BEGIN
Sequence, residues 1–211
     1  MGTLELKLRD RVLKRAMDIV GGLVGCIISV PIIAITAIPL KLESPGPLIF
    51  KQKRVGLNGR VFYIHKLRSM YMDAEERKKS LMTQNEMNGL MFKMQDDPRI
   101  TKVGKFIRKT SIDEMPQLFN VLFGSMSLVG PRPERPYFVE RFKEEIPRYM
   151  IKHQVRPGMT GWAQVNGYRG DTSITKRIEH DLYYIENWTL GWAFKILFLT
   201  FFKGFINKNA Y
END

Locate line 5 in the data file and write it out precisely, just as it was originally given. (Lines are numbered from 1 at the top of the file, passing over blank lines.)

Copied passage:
   151  IKHQVRPGMT GWAQVNGYRG DTSITKRIEH DLYYIENWTL GWAFKILFLT